WASHINGTON: The Federal Communications Commission this week approved a proposal to reform retransmission rules. The five commissioners voted unanimously in favor of a Notice of Proposed Rulemaking “to consider possible amendments” to current rules governing how TV stations and cable operators hammer out carriage agreements.
Among other things, the commission proposes to do away with the network non-duplication and syndication exclusivity rules. This would allow cable operators to carry an out-of-market TV station should an in-market affiliate pull its signal in a retransmission stand-off. Currently, stations can assert non-duplication rights by sending notifications to cable operators within 60 days of a network affiliate agreement.
The proposal also seeks feedback on what constitutes “good-faith” negotiations, as retrans parties are now required to conduct. It also seeks comment on informing the public when service disruptions may arise from an impasse. The commission said it would also seek comment on “any other revisions or additions to its rules that would improve the retransmission consent negotiation process and help protect consumers from service disruptions.”
The commission noted that the proposed rulemaking reflects the statutory framework established by Congress, but also “expresses the FCC’s view that it doesn’t have the authority to require broadcast television stations to provide their signals to pay television providers or to require binding arbitration.”
That comment is key, according to John Hane is an attorney with Pillsbury Winthrop Shaw Pittman LLP in Washington.
“The FCC meeting confirmed what everyone already knows--that the FCC can’t order carriage of broadcast stations without their consent,” he said. “The clear message to cable and satellite providers is, don’t expect the FCC to bail you out when your negotiating strategy isn't working. All five commissioners voted to take a look at the negotiating rules, but I didn’t detect much genuine enthusiasm for more government intervention in private business negotiations.”
The Communications Act requires pay TV operators to obtain a television station’s consent before carrying that station’s signals, and to negotiate in “good faith.” The rules have been in effect since 1992, long before the advent of HDTV, which instigated much of the discord now surrounding retrans negotiations. When cable operators started charging extra for HD tiers, broadcasters held out for a piece of the action. For years, cable operators paid monthly, per-subscriber fees to cable-only networks, but not to broadcast TV stations.
Network-affiliated stations now regularly negotiate for these sub fees, sometimes pulling their signals when talks reach a stand-off. Such was the case last fall when Fox stations were pulled from Cablevision systems for 15 days. Cablevision’s footprint covers much of metropolitan New York, giving the stalemate a particularly high profile. Lawmakers called for retrans reform, and the FCC soon signaled its compliance, and today’s NRPM was the result.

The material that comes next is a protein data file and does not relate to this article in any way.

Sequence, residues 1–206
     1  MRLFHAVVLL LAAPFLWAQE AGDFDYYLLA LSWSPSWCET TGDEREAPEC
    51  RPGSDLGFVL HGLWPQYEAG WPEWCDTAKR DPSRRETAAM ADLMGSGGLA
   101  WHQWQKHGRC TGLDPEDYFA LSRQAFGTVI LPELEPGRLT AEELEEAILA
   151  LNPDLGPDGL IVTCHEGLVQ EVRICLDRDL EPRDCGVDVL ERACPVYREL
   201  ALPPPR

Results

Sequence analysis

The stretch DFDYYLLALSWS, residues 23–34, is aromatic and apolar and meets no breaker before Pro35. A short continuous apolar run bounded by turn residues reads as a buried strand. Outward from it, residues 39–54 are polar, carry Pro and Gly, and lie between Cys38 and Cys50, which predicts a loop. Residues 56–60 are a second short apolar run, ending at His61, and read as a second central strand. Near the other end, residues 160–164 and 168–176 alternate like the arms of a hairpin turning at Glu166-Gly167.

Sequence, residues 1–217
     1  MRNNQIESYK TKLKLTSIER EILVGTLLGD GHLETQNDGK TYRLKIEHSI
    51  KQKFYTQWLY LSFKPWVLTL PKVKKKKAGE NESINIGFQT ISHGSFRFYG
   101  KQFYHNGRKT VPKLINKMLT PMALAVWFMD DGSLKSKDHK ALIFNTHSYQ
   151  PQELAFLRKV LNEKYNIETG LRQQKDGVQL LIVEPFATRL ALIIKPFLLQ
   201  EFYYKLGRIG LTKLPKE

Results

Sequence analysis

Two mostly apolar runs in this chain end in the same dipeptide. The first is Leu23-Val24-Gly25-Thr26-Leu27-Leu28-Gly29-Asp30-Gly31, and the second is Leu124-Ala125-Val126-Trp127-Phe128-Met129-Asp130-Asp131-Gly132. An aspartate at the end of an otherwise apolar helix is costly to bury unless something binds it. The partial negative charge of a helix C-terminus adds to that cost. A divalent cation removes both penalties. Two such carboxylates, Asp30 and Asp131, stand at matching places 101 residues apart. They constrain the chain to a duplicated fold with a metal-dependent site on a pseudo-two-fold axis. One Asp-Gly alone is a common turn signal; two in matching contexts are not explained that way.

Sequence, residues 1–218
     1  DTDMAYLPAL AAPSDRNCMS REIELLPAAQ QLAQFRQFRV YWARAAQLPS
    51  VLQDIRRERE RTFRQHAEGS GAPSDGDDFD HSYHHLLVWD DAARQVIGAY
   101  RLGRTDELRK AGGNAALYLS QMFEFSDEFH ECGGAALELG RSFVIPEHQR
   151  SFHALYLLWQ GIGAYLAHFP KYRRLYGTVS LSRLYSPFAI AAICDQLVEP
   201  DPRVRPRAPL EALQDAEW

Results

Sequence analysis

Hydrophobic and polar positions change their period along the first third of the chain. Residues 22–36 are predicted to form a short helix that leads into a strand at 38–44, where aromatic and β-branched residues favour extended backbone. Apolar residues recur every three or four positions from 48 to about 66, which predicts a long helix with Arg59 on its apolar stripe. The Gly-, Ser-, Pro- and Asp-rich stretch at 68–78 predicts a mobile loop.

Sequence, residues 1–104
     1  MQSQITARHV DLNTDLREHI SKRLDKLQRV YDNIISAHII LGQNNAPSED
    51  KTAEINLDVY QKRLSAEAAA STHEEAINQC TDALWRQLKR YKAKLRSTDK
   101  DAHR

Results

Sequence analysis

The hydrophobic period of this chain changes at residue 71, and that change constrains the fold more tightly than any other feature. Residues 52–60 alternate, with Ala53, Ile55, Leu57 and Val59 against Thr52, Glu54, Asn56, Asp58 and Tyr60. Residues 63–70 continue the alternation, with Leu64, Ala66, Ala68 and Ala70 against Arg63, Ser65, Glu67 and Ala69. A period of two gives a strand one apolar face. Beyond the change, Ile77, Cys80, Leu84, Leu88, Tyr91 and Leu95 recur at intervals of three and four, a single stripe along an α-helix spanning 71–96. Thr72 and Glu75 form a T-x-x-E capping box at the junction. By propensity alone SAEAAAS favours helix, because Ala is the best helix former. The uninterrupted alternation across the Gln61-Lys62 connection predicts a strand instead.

Gordon Smith, chief of the National Association of Broadcasters, offered this reaction:
“NAB is pleased the FCC correctly concluded that the marketplace is best equipped to negotiate private business contracts, and that it lacks authority to impose the heavy-handed government tools that pay-TV providers desire. . . In more than 99 out of 100 retransmission consent negotiations, agreements are concluded successfully and invisibly.”
The American Cable Association, which has been bulldogging for retrans reform, also gave the FCC props, but in this case, for taking up the issue at all.
“For many years, ACA has been in the vanguard by warning that retransmission consent is a badly outdated system that inflicts serious economic harm on consumers served by independent cable operators put on the defensive by the aggressive cash demands of market-dominant TV stations,” said ACA chief Matt Polka in a statement. “ACA commends the FCC for agreeing that the time has come to give careful consideration to new TV station carriage rules.”
And finally, Public Knowledge, the consumer affairs think tank that watches the TV industry like a hawk. PK legal director, Harold Feld, asserted that the FCC could use a bigger hammer.
“We hope that at some point the commission will come to realize it has the statutory authority to relieve the consumer distress at being caught in the middle of the disputes,” he said. “We will make that point again to the commission, and hope it will take a more active role than it has in the past in bringing some order to the retransmission chaos.”
Earlier in the day, Sinclair Broadcast Group quietly reached an retrans agreement-in-principle with Comcast, the largest multichannel video provider in the United States. (See “Sinclair Cuts Retrans Agreement Hours Before FCC Reconsiders Rules”)
-- Deborah D. McAdams
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